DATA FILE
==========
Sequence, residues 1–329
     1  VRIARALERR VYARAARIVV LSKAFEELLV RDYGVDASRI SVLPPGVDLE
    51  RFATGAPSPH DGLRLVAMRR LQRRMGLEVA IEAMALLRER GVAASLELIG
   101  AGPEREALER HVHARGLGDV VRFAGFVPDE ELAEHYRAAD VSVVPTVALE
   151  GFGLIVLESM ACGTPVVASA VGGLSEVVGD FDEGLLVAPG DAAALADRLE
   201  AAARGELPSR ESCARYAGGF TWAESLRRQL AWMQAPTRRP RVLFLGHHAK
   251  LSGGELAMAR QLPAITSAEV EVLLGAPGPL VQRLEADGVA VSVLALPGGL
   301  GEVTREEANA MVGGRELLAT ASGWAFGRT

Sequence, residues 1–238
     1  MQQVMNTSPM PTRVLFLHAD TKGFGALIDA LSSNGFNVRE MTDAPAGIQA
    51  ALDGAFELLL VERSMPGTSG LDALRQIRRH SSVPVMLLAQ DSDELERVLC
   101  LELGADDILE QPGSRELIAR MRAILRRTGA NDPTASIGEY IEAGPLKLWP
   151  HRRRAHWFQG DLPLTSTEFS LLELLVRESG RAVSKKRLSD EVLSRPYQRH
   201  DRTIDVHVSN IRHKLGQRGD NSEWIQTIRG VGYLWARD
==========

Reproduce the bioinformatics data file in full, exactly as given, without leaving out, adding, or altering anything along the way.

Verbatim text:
Sequence, residues 1–329
     1  VRIARALERR VYARAARIVV LSKAFEELLV RDYGVDASRI SVLPPGVDLE
    51  RFATGAPSPH DGLRLVAMRR LQRRMGLEVA IEAMALLRER GVAASLELIG
   101  AGPEREALER HVHARGLGDV VRFAGFVPDE ELAEHYRAAD VSVVPTVALE
   151  GFGLIVLESM ACGTPVVASA VGGLSEVVGD FDEGLLVAPG DAAALADRLE
   201  AAARGELPSR ESCARYAGGF TWAESLRRQL AWMQAPTRRP RVLFLGHHAK
   251  LSGGELAMAR QLPAITSAEV EVLLGAPGPL VQRLEADGVA VSVLALPGGL
   301  GEVTREEANA MVGGRELLAT ASGWAFGRT

Sequence, residues 1–238
     1  MQQVMNTSPM PTRVLFLHAD TKGFGALIDA LSSNGFNVRE MTDAPAGIQA
    51  ALDGAFELLL VERSMPGTSG LDALRQIRRH SSVPVMLLAQ DSDELERVLC
   101  LELGADDILE QPGSRELIAR MRAILRRTGA NDPTASIGEY IEAGPLKLWP
   151  HRRRAHWFQG DLPLTSTEFS LLELLVRESG RAVSKKRLSD EVLSRPYQRH
   201  DRTIDVHVSN IRHKLGQRGD NSEWIQTIRG VGYLWARD